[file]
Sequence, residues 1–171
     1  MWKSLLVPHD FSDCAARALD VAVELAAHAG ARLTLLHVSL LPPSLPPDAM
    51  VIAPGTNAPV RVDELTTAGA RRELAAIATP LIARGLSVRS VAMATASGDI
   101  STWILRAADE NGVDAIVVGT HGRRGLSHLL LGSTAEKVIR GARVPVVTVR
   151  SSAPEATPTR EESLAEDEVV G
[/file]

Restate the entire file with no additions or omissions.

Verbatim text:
Sequence, residues 1–171
     1  MWKSLLVPHD FSDCAARALD VAVELAAHAG ARLTLLHVSL LPPSLPPDAM
    51  VIAPGTNAPV RVDELTTAGA RRELAAIATP LIARGLSVRS VAMATASGDI
   101  STWILRAADE NGVDAIVVGT HGRRGLSHLL LGSTAEKVIR GARVPVVTVR
   151  SSAPEATPTR EESLAEDEVV G